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Some properties of aluminum roof panel waste (arsw) partially replacing cement concrete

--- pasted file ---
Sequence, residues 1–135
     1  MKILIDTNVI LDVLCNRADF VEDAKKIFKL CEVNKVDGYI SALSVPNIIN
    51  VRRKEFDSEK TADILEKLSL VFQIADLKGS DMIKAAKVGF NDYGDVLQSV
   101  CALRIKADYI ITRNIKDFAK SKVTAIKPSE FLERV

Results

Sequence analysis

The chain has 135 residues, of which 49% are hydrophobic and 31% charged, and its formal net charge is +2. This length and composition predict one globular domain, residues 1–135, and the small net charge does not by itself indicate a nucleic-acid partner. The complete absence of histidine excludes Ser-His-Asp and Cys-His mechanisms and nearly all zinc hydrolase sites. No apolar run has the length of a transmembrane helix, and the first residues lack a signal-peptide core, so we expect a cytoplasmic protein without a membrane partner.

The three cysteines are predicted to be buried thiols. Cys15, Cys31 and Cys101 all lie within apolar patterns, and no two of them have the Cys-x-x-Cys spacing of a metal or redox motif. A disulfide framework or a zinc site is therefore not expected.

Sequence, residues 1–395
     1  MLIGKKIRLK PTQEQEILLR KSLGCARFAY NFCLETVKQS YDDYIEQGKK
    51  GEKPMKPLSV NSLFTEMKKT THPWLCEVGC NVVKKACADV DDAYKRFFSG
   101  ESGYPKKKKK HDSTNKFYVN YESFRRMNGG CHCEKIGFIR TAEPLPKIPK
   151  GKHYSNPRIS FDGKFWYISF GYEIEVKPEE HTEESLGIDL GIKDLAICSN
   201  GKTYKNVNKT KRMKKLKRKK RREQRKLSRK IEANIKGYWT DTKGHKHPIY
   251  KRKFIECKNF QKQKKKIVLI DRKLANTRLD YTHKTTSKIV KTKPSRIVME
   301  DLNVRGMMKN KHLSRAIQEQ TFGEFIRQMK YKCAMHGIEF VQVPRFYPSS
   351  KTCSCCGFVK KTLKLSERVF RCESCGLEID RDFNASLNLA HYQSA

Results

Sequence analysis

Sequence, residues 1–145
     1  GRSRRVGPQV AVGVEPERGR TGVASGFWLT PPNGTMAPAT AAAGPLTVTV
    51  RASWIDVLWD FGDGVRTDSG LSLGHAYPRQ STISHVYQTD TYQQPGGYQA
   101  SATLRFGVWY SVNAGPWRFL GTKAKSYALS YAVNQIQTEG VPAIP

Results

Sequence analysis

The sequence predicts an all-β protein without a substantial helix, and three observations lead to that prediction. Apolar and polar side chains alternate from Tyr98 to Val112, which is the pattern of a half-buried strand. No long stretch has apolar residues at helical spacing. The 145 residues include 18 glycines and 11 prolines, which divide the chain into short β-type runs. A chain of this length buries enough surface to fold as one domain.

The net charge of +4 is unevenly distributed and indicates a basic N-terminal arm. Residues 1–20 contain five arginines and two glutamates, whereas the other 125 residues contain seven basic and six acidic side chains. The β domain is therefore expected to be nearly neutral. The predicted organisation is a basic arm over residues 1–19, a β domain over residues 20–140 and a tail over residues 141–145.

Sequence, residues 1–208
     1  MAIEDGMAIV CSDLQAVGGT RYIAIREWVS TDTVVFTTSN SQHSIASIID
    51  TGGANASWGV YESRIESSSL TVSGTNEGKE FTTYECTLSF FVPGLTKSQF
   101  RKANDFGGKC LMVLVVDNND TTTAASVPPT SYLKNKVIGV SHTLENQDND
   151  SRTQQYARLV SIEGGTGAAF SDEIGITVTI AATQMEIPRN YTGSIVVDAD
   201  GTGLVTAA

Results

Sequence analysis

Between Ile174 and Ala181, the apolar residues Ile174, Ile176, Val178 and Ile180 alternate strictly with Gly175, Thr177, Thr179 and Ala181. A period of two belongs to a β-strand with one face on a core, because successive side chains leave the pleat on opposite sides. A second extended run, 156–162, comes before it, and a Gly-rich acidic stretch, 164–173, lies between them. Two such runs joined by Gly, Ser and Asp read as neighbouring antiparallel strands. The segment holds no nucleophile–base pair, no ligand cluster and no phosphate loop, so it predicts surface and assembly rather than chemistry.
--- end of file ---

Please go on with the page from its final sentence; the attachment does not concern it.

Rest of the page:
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  • Save American Journal of Materials Science 2014, 4(1): 18-24 DOI: 10.5923/j.materials.20140401.04 Some Properties of Concrete Containing Aluminum Roofing Sheet Waste (ARSW) as Partial Replacement of Cement Fapohunda Christopher1,*, Oyelade Akintoye2, Ajibade Charles2 1Department of Building, Caleb University, Imota, Lagos, Nigeria 2Department of Civil and Environmental Engineering, University of Lagos, Akoka, Nigeria Abstract This paper presents the results of investigation conducted to evaluate the properties of concrete containing aluminum Roofing Sheet Waste as partial replacement of cement by weight. The properties investigated included the setting times of cement-ARSW paste, workability, density, compressive strength using 168 numbers of 150 x 150 x 150 mm cube specimens. The chemical compositions and pozzolanic properties were also investigated. The results showed that: (I.) the chemical composition of aluminum Roofing Sheet Waste (ARSW) is suitable for concrete production, (ii.) ARSW has pozzolanic characteristic, (iii.) the concrete produced with ARSW resulted in concrete whose densities are within the range for normal weight concrete, and (iv.) using ARSW to replace cement up to 10% will not affect the compressive strength of the concrete significantly. From these results, it can be concluded that Roofing Sheet Waste is suitable for concrete production, and thus can be used as a mean to remove the potentially harmful waste that ARSW constitutes. Keywords Compressive Strength, Concrete, Roofing Sheet Waste, Setting Times, Workability 1. Introduction Generation of construction and demolition wastes (CDW), arising from changes in infrastructure planning and needs for homes, schools, hospitals, offices, and roads required for effective and efficient functioning of the built environment and from other myriads of human activities concomitant to the current civilization continues to be on the increase. According to[1], an estimated 900 million tonnes of CDW are generated every year in Europe, the United States of America and Japan. The works of[2] showed that the annual waste arising from building demolition alone is 400million tons per annum in China. The construction and demolition wastes (CDW) are difficult to dispose and cause serious health hazards and environmental problems[3, 4]. Environmental agencies and governments’ policies seek to minimize the problems of disposal and health hazards of these wastes and by- products. The productive use of these materials is one of the best ways to alleviate some of the problems of the solid waste management. Using these wastes for concrete production, if found suitable, would thus be an effective and innovative solution. Since concrete constitutes the major construction material, whose consumption is * Corresponding author: (Fapohunda Christopher) Published online at Copyright © 2014 Scientific & Academic Publishing. All Rights Reserved second to water, and the production of its constituents – cement and aggregates - requires extraction of huge amount of non-replaceable raw material from the earth and consumption of large amount of energy, leading to environmental degradation and environmental pollution resulting from greenhouse gas emission; utilizing these wastes for concrete making can contribute towards sustainable development and construction. Because of the environmental and economical reasons, there has been a growing trend for the use of construction wastes as supplementary material in the production of the concrete[5]. Some of construction wastes that have been found suitable for concrete production, through research efforts are: crushed concrete[6, 7, 8, 3, 9, 10, 11, and 12]. They are either being used as partial replacement of cement, or as partial replacement of sand. There use have been found to improve workability, improved the strengths, and enhance the performance of all manner of concrete (lightweight, normal weight and heavyweight). However, one of the construction and demolition wastes that is yet to be investigated for potential application in concrete production is aluminum roofing sheet waste (ARSW). Roofing sheet waste is generated from house demolition activities, in an attempt to replace old houses with new ones in the present policy of urban renewal of old structures being pursued in the developing world, especially Nigeria, by all the tiers of government. Thus the aim of this investigation is to find out to what extent ARSW can be used in the production of American Journal of Materials Science 2014, 4(1): 18-24 19 concrete, as part of strategy to find suitable replacement for cement usage in the developing world, especially in Nigeria, where about 15% of her annual budget is required to meet her cement needs[13]. For this aim to be accomplished, the objectives set to achieve, by working on concrete with ARSW specimens include: determination of its chemical composition and pozzolanic characteristics, investigation of the initial and final setting times of cement-ARSW paste, assessment of its workability and density, and the evaluation of its compressive strength development – which is a reflection of the structural performance of concrete[14]. 2. Materials and Methods 2.1. Materials The materials used for this work are cement, fine aggregates, coarse aggregates, water, and ARSW as partial replacement of cement by weight. Ordinary Portland cement produced in accordance to[15] was used. The fine aggregates used in this research study was River Sand obtained from Ogun River located at Ogun State. The particle sizes of sand were those passing through sieve with aperture size of 3.35 mm but retained on sieves of 63µm and having a bulk density of 1540 kg/m3. It was confirmed to be salt free and free from deleterious substances. The coarse aggregates used in this research study were granite chippings with particle size range between 2.36mm and 20mm. The aluminum roofing sheet waste was obtained from a demolition site. It was originally produced by Nigerite Limited Ikeja, Nigeria. The waste was milled to fine powder; 80% passed through 1.18mm sieve, and was store in a cool place. The Sample of the milled ARSW is shown in Figure 1. Portable water which was fresh, colourless and odourless and free of organic matter was used in these experiments. For this purpose of this investigation, a mix ratio of 1:2:4 by weight of cement, sand and gravel; and the water cement ratio of 0.4 was adopted. Figure 1. Roofing sheet waste (milled) 2.2. Methods 2.2.1. Chemical Analysis In order to determine the constituents of ARSW, samples were subjected to analysis using the combination of Spectrophotometer, Atomic Absorption Spectrophotometer and Gravimetric methods at the Department of Chemistry, University of Lagos, Nigeria. 2.2.2. Pozzolanic Test In order to determine its pozzolanic traits a method used by[16] was adopted. 100ml of saturated carbon hydroxide, Ca(OH)2) solution was mixed with 20g of ARSW. The solution was then stirred magnetically. At the intervals 1, 2, 3, and 4hours; 10ml of the solutions was filtered and titrated against 0.25N HCl using phenolphthalein indicator. The amount of the Ca(OH)2 that reacted with ARSW was then calculated from the titre value. The reaction between Ca(OH)2 and ARSW was assessed at the temperatures of 25℃ and 75℃. 2.2.3. Consistency (Water Demand) and Setting Times Tests Water requirement to achieve the standard consistency of cement paste and setting times (initial and final) was carried out in accordance with[17], by partially replacing cement with ARSW at different cement replacement levels of 10%, 20%, 30%, 40%, and 50%. Water demand for standard consistency was and setting times determined for each percentage replacement of cement with ARSW. The water demand for zero replacement of cement with ARSW serves as the control. 2.2.4. Workability Test The slump test was carried out in accordance with the provisions of[18]. The replacement was done at the interval of 10% up to 50% cement replacement with ARSW. The sample without ARSW (that is, 0%) serves as the control. 2.2.5. Density and Compressive Strength Test Density and Compressive strength tests were conducted on 150x150x150 cube specimens, at 7-, 14-, 21-, and 28-day curing ages respectively in accordance with[19, 20]. A total of 168 numbers of 150 x 150 x 150 cube specimens were prepared. All the cubes specimens were cured by immersion in water right from the moment they were removed from the moulds – 24 hours after casting - until the day for their testing when they were removed from the curing water tank and sun dried before being tested for strength. The compressive strength test was carried out on the cube specimens at curing age of 7, 14, 28, and 60 days. The specimens preparations and testings were in accordance with[20]. The cement replacement with ARSW was up to 30% at interval of 5%. The limit of 30% cement replacement with ARSW was determined from the result of the initial and final setting times. The weight of each cube was taken prior to compressive strength test, and was used to calculate the density. 20 Fapohunda Christopher et al.: Some Properties of Concrete Containing Aluminum Roofing Sheet Waste (ARSW) as Partial Replacement of Cement 3. Results and Discussions specifications (Table 3). 3.1. Physical Properties of the Materials Used The physical properties of the materials used in this investigation are shown in Table 1. Table 1. Physical properties of the Materials Used Physical Properties Fineness (%) Dry density (kg/m3) Bulk density (kg/m3) Moisture content (%) Water Absorption Capacity (%) Uniformity Coefficient (Cu) Coefficient of Curvature (Cc) Sand - 1410.50 1539.87 0.092 0.022 2.00 2.39 Granite - 1692.31 - 1.27 0.981 Cement 99.30 1297.79 - ARSW 99.70 1801.06 - - - - - - - From the Table, it can be observed that ARSW was found to be a little bit finer than the ordinary Portland cement used, and also possess a higher bulk density. This means that, for the same weight, a lower volume of ARSW is required. The values of uniformity coefficient of sand and granite were 2.0 and 1.27 respectively, and were within the range of suitability for concrete production[16]. Also the coefficient of curvature of 2.39 and 0.981 for sand and granite respectively signify well-graded material[21], and thus suitable for concrete production. 3.2. Chemical Analysis The result of the chemical analysis is presented in Table 2. From Table 2, it can be observed that ARSW has a lower oxide of calcium with respect to the ordinary Portland cement, but a higher aluminates. The high content of the aluminates is obviously due to the fact of its origin. However, the alkalis (K2O and Na2O) with a combined percentage of 0.41% are low. This reduce the possibility of the destructive alkali-aggregate reaction[22] Table 3. Comparison of the Pozzolanic Specifications of ASTM C618 -93 with ARSW Requirements Si2O + Al2O3 + Fe2O3 (%) SO3, max. % Loss on Ignition (LOI) Alkali content (Na20), max % ASTM 70.00 4.00 6.00 1.50 ARSW 61.34 0.00 5.65 0.28 Although, the combined percent content of Si2O + Al2O3 + Fe2O3 of ARSW, on which pozzolanic activity depends, is less than 70% (Table 3), as recommended by[23] for classification as highly pozzolanic, it however can be classified as Class C, to be used for general purpose concrete. This is because of the fact that the combined percent content of Si2O + Al2O3 + Fe2O3 is more than 50%, and it is high in calcium oxide, CaO (> 10%). The results of further investigations into the pozzolanic properties of ARSW are shown figure 2. Figure 2 shows the relationship between the quantities of calcium hydroxide that reacted with ARSW at different times and temperatures. Reacted Calcium Hydroxide (%) 25 Degrees C 75 Degrees C 1.4 1.2 1 0.8 0.6 0.4 0.2 0 0 1 2 3 4 5 Reaction Time (Hours) Table 2. Chemical Composition of Cement and ARSW Name of Compounds CaO SiO2 Fe2O3 MgO Al2O3 SO3 Na2O K2O Loss on Ignition Total Organic Content Ordinary Portland Cement (%) 63.45 20.34 6.10 2.13 6.10 1.21 0.27 0.38 - ARSW (%) 30.11 21.64 9.84 2.41 29.86 0.00 0.13 0.28 5.65 0. 08 In order to determine the potential of ARSW as a pozzolan, its chemical properties were compared with[23] Figure 2. Reaction between Calcium Hydroxide and ARSW at different times From this figure, two observations are made. First, the amount of calcium hydroxide that reacted with ARSW increased with time, irrespective of the temperatures. This is an indication that ARSW is able consume or react with calcium hydroxide to produce the strength-forming C-S-H gel, and that this reaction increases with age. Secondly, the reaction between the calcium hydroxide and ARSW is influenced by temperatures. Higher reactivity occurred at the higher temperature of 75℃. This is to be expected for all chemical reactions which are influenced by temperatures. The conclusion from these two observations is that ARSW is able to react with calcium hydroxide, thus establishing its pozzolanic status. And that the pozzolanicity of ARSW is influenced by temperatures. American Journal of Materials Science 2014, 4(1): 18-24 21 Water demand for consistency (%) 160 140 120 100 80 60 40 20 0 0 10 20 30 40 50 60 Cement replacement with asbestos roofing sheet (%) Setting Times (minutes) Figure 3. Water demand of Cement-ARSW Paste 500 450 400 350 300 250 200 150 100 50 0 0 Initial Setting Time Final Setting Time 10 20 30 40 50 60 Percent Cement replacement with Roofing Sheet Waste (%) Figure 4. Effects of ARSW on the Setting Times of Cement-ARSW Paste 3.3. Effects of ARSW on Consistency of Cement Paste The effects of ARSW on the consistency of cement paste are presented in Figure 3 and Figure 4. From Figure 3, it can be observed that water demand for standard consistency increased with increasing ARSW in the paste in relation to the control sample (0% ARSW). This is an indication that inclusion of ARSW in the mix increase the amount of water required to obtain a paste of standard consistence. This behavior might be due to the fact that ARSW was found to be finer than Portland cement (Table 1). The effect of ARSW on the initial and final setting times is presented in Figure 4. From the figure, it can be observed that both the initial and final setting times increased with cement replacement with ARSW up to a point and then decreased. For example, for the initial setting time, the decrease began at 40% cement replacement with ARSW. However, the decrease in the final setting time occurred at 30% cement replacement with ARSW. At the 50% cement replacement with ARSW, the 22 Fapohunda Christopher et al.: Some Properties of Concrete Containing Aluminum Roofing Sheet Waste (ARSW) as Partial Replacement of Cement initial and final setting times were 187minutes and 345 minutes respectively. Comparing these values with the control values of 170minutes and 195minutes respectively for initial and final setting times, the ARSW has a retarding effect on the paste. 3.4. Effect of ARSW on Workability of Concrete At all the replacement levels, the slump type was “true slump”, indication that the inclusion of ARSW has no effect on the cohesiveness of the mix to the extent of resulting in shear slump, or collapse slump. The effect of ARSW on the workability of concrete measured in terms of loss of slump is as shown in the Figure 5. It can be observed from the Figure that slump loss increased upon the inclusion of ARSW as partial replacement of Ordinary Portland Cement until 20% cement replacement with ARSW, when it began to decrease. The slump value increased from 30mm at 0% cement replacement with ARSW to 90mm at 20% cement replacement with ARSW. A reduction of 85mm was however observed at 30% cement replacement with ARSW. With these slump values, the workability is affected greatly by the inclusion of ARSW in the mix, when compared with the control. The control sample (0%) with loss of slump of 30mm is of low workability according to[24] and[22]. However, the addition of ARSW changes the classification from medium (35 – 75mm) to high (80 – 155mm). Thus the inclusion of ARSW increases the slump values of concrete. This trend is consistent with the Figure 3 in which increase in water demand accompanied increased in ARSW. Slump (mm) 100 90 80 70 60 50 40 30 20 10 0 0 5 10 15 20 25 30 Percent cement replacement with RSW Figure 5. Variation of Slum with ARSW Replacement 35 30 25 0% 20 5% 10% 15 15% 10 20% 5 25% 0 30% 0 10 20 30 40 50 60 70 Curing Age (Days) Figure 6. Variation of Compressive Strength with Curing Age Compressive Strength (N/mm2) American Journal of Materials Science 2014, 4(1): 18-24 23 3.5. Effects of ARSW on Density of Concrete The results of the density test, for all the cement replacement with ARSW, are presented in Table 4. Table 4. Variation of Density in kg/m3 with addition of RSW Curing Age (Days) 7 0 2445 Cement Replacement with RSW (%) 5 10 15 20 25 2485 2555 2481 2554 2454 30 2431 14 2571 2657 2458 2399 2530 2534 2551 28 2543 2580 2473 2404 2466 2408 2442 60 2541 2506 2566 2440 2546 2548 2434 Although, no consistent pattern is noticeable in the results, either with respect to curing age or with the addition of ARSW, it is however obvious from the values of the densities that all were in the range recommended for normal weight concrete[25]. Thus the use of ARSW will result in the production of normal weight concrete. 3) Roofing Sheet Waste (ARSW) has a retarding effect on cement-ARSW paste. This property can find a good usage in hot weather concreting. 4) The use of Roofing Sheet Waste (ARSW) to produce concrete will result densities in the range for normal weight concrete. 5) The use of Roofing Sheet Waste (ARSW) to replace cement up to 10% in the production of concrete will not affect the compressive strength of the concrete. Although, the present work looked at the quality of concrete produced with ARSW as partial replacement of cement from the point of view of compressive strength, further investigations need to be carried further on the tensile and flexural characteristics of concrete containing Roofing Sheet Waste (ARSW) as partial replacement of cement. This is necessary so as to develop proper relations between compressive strengths and tensile strengths. 3.6. Effects of ARSW on Compressive Strength The effect of ARSW on the compressive strength development of concrete is presented in Figure 6. From the figure, it can be observed that compressive strengths increased with curing ages at all the replacement level. There is however strengths reduction with cement replacement with ARSW at all the curing ages. For example, at 5% replacement level, there was 4.63% reduction in the strength development in relation to the control specimens (0%) at 28 days of curing. However, at 60 days of curing, the strength reduction was a just 0.51%. At 10% cement replacement with ARSW, the strengths reductions were 25.14% and 17.75% respectively for 28 days and 60 days of curing. These trends of strength reduction were observed for all the specimens. Using a 5% confidence interval, the critical value is 4.303. But at 28 and 60 days of curing, the computed critical values were less than 4.303 for cement replacement with ARSW up to 10%, being -1.39 and -0.80 for 28 days curing age and -4.125 and -3.2527 for 60 days curing age. This is an indication that for up to 10% cement replacement with ARSW, there is no significance difference in strength compared with the control sample. Beyond 10% cement replacement with ARSW however, the difference was found to be statistically significant. REFERENCES [1] WBCSD (2009). “Dedicated to Making A difference – The Cement Sustainability Initiative”. (assessed 10/8/2013). [2] Ma, X. and Wang, Z. (2013). “Effect of Ground Waste Concrete Powder on Cement Properties”. Advances in Materials Science and Engineering, 2013. [3] CCAA (2008). “Use of Recycled Aggregates in Construction”. Cement Concrete & Aggregates Australia. [4] Corinaldesi V, Moriconi G, Naik TR (2010). “Characterization of Marble powder for its Use in Mortar and Concrete”. Const. Build. Mat., Vol. 24, pp. 113-117. [5] Krishna, V. and Sabnis, G. M. (2013). “Utilization of Waste Products and By- Products in Concrete: The Key to a Sustainable Construction”. International Conference on Civil and Architecture Engineering (ICCAE'2013), Kuala Lumpur, Malaysia. [6] RMC (2007). “Crushed Returned Concrete as Aggregates for New Concrete”. Final Report to the RMC Research & Education Foundation, Project 05-13. [7] Finoženok, O; Žurauskienė, R. and Žurauskas, R. (2011). “Influence Of Various Size Crushed Concrete Waste Aggregates On Characteristics Of Hardened Concrete”. 3rd International Conference CIVIL ENGINEERING`11 Proceedings BUILDINGMATERIALS. 4. Conclusions The main conclusions derived from this investigation are as follows: 1) The chemical composition of Roofing Sheet Waste (ARSW) is suitable for concrete production 2) Roofing Sheet Waste (ARSW) has pozzolanic characteristic. [8] Katz, A. (2002). “Properties of Concrete made with Recycled Aggregates from Partially Hydrated old Concrete”. Cement and Concrete Research, 33: 703–711. [9] CCANZ (2011). “Best Practice Guide for the use of Recycled Aggregates in New Concrete”. A Technical Report published by the Cement & Concrete Association of New Zealand. [10] Bazaz, J. B., Khayati, M.and Akrami, N (2006) “Performance of concrete produced with crushed bricks as the coarse and fine aggregate”. IAEG2006 Paper number 616, The 24 Fapohunda Christopher et al.: Some Properties of Concrete Containing Aluminum Roofing Sheet Waste (ARSW) as Partial Replacement of Cement Geological Society of London, 1 – 10. [11] Rashid, M. A., Hossain, T., and Islam, M. A. (2009). “Properties of Higher Strength Concrete made with Crushed Brick as Coarse Aggregates”. Journal of Civil Engineering (IEB), 37 (1): pp. 43 – 52. [12] Jankovic, K., Bojovic, D., Dragan, N., Loncar, L. and Ramakov, Z. (2010). “Frost Resistance of Concrete with Crushed Bricks as Aggregates”. Facta University: Architecture and Civil Engineering, 8 (2): 155 – 162. [13] Falade, Funso, Ikponmwosa, Efe. and Fapohunda, Chris (2013) “Low-Cost Construction through the Use of Pulverized Bone Foamed Aerated Concrete (PB-FAC)”. Civil and Environmental Research, Vol. 3, No. 10, pp. 107 – 113. [14] Wright, J. K. and MacGregor, J. G. (2009). “Reinforced Concrete: Mechanics and Design”. New York: Pearson Education International. [15] NIS 444 (2003). Standard for Cement. Standard Organization of Nigeria, Lagos. [16] Salau, M. A. and Olonade, K. A. “Pozzolanic Potentials of Cassava Peel Ash”. Journal of Engineering Research, No. 1, March 2011, pp. 10 – 20. [17] BS 12 (1996). “Specification for Portland Cement”. British Standard Institution, London. [18] BS EN 12350: Part 2 (2000). “Method for Determination of Slump”. British Standards Institution, London. [19] BS EN 12390-7 (2009) “Testing Hardened Concrete: Density of Hardened Concrete”. British Standard Institution, London. [20] BS EN 12390-3 (2009). “Testing Hardened Concrete: Compressive Strength of Test Specimens”. British Standard Institution, London. [21] Terzaghi, K., Peck, R. B. and Mesri, G. (1997). “Soil Mechanics in Engineering Practice”. New York: John Wiley. [22] Neville, A. M. (2010) “Properties of Concrete”. London: Pearson International. [23] ASTM C618-93 (1993) “Standard Specification for Fly Ash and Raw or Calcined Natural Pozzolan for Use as a Mineral Admixture in Portland cement Concrete”. American Society for Testing and Materials, USA. [24] Shetty, M. S. (2005). “Concrete Technology – Theory and Practice”. Bombay: S. Chand and Company Ltd. [25] Falade, F., Ikponmwosa, E. and Arogundade A. (2011). “Investigation of Some Structural Properties of Foamed Aerated Concrete”. Journal of Engineering Research, 16(1): 67 – 81.